Above: I anchored the cypress with club moss (Selaginella kraussiana 'Aurea') and Calocephalus (also known as silver bush).
Another piece of practical advice from Hannah: When choosing a group of plants, be sure to select varieties that prefer the same soil, light, and water conditions.
Above: For the final strata of my "shoreline," I layered some moss from my yard. Then it was just a question of the last touches: beach stones and a stick to conjure the ocean-tumbled rocks and driftwood of the Maine Coast.
Above: Like a miniature Maine horizon, my Zen garden will remind me of my favorite summer landscape all year long. (The painting, in case you're wondering, is by my 8-year-old son, Oliver, who rather serendipitously was learning about Chinese watercolors.)
Above: Finally a use for all those beach stones I've collected over the years!
Stones are an important element of most Zen gardens. In ancient China, where these gardens originated, rocks were used to represent the legendary mountains of the immortals. In and East-meets-West combo, I used stones to make a mini cairn like those that mark the trails in Maine's Acadia National Park (while at the same time creating the requisite harmonious balance in my composition). Also, Zen gardens are not static places, and the stones as well as the plants reflect this. I can imagine playing with my rocks, adding new ones, and even rolling them in my hands for a little calming reflexology.
Above: Texture is also an important principle in Zen gardens. Here feathery plants contrast with spiky sticks and smooth stones.
Above: Though water need not be present (and would certainly not be recommended near a computer), in Zen gardens it is often implied. Rather than relying on ripples of raked gravel or sand, I conjured water with rocks that look like an ocean or river bed.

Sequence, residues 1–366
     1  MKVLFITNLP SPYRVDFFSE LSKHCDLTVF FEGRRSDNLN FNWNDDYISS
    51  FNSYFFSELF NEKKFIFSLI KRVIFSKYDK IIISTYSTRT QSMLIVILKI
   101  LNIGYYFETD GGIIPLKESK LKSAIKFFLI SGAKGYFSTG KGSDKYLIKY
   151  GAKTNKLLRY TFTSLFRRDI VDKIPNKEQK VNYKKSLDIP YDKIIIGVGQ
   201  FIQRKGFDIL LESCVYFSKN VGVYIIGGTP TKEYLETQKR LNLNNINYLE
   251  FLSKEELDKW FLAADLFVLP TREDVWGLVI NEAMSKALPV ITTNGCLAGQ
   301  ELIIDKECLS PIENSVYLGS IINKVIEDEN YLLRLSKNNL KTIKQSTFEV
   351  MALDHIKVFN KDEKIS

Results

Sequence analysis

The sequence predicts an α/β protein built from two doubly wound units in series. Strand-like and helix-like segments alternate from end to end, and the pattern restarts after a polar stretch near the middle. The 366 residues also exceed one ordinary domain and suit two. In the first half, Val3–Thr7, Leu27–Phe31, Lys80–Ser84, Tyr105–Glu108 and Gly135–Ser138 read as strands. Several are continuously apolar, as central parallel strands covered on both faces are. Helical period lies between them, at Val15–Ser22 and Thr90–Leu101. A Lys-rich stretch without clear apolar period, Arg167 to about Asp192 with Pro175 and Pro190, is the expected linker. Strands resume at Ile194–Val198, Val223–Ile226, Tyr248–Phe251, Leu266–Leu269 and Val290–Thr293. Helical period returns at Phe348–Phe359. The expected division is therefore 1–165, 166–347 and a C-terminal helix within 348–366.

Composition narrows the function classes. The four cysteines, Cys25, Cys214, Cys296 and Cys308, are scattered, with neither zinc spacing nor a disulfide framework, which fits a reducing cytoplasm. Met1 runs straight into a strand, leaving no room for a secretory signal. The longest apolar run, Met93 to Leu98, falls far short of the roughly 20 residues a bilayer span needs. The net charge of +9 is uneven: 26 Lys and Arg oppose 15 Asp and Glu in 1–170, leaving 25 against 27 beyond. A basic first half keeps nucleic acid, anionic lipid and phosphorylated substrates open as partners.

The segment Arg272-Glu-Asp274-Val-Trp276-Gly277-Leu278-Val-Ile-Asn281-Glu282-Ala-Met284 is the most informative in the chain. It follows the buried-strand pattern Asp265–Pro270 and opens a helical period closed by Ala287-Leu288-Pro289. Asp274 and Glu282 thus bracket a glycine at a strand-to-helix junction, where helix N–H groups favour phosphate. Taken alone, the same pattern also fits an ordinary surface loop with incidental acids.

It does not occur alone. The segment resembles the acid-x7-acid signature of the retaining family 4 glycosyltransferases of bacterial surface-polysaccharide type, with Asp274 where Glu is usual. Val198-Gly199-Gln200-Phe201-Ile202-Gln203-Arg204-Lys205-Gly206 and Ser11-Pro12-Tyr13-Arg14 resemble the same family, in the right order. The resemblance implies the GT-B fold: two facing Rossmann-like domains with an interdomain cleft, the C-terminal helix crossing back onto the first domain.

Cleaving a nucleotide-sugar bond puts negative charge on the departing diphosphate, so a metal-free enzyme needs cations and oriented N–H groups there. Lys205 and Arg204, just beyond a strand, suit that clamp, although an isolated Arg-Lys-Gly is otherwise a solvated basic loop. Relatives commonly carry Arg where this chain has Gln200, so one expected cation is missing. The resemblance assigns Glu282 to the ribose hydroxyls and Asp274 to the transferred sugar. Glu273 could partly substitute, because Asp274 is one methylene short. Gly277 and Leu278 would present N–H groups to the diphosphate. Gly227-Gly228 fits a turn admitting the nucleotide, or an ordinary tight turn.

Above: A day later and my Zen garden is already beginning to inspire. I love the way the light is hitting the greens this morning.
Above: Though the garden is seemingly simple, a slant of sunlight reveals its subtle complexity.
DIY Desktop Zen Garden
- Calocephalus or Silver Plant, available in a 4-inch pot at Annie's Annuals; $7.95
- European or "false" cypress, also known as Chamaecypari Iawsoniana “Ellwoodii” or Port Orford Cedar; readily available at this time of year
- Club Moss, available at Pernell's; a 3-inch pot is $10
- A shallow vessel. One could even use a pie plate. With all those rocks, I chose a lightweight plastic planter that looks like enameled wood (similar ones are available at Terrain).
- Beach stones. Mine have been collected over the years, but if you don't live near the coast, Water Color Sky sells groups of Nine Ocean Tumbled Stones; $4.99.
- Quality potting soil such as Coast of Maine Bar Harbor Blend; $21 for 8 quarts
Maintenance of your garden depends largely on the type of plants you use. Mine will require weekly waterings and decent sun. If you choose a desert theme, your plants will require less water. Plants in dry office spaces may also benefit from regular misting. (Note: The world's easiest desktop garden is stones in a dish with a few air plants on top.) Be sure to consult an expert about specific plants.
N.B.: Do you think a desert motif might be more in keeping with your concept of Zen? Let Michelle's succulent Tabletop Garden inspire.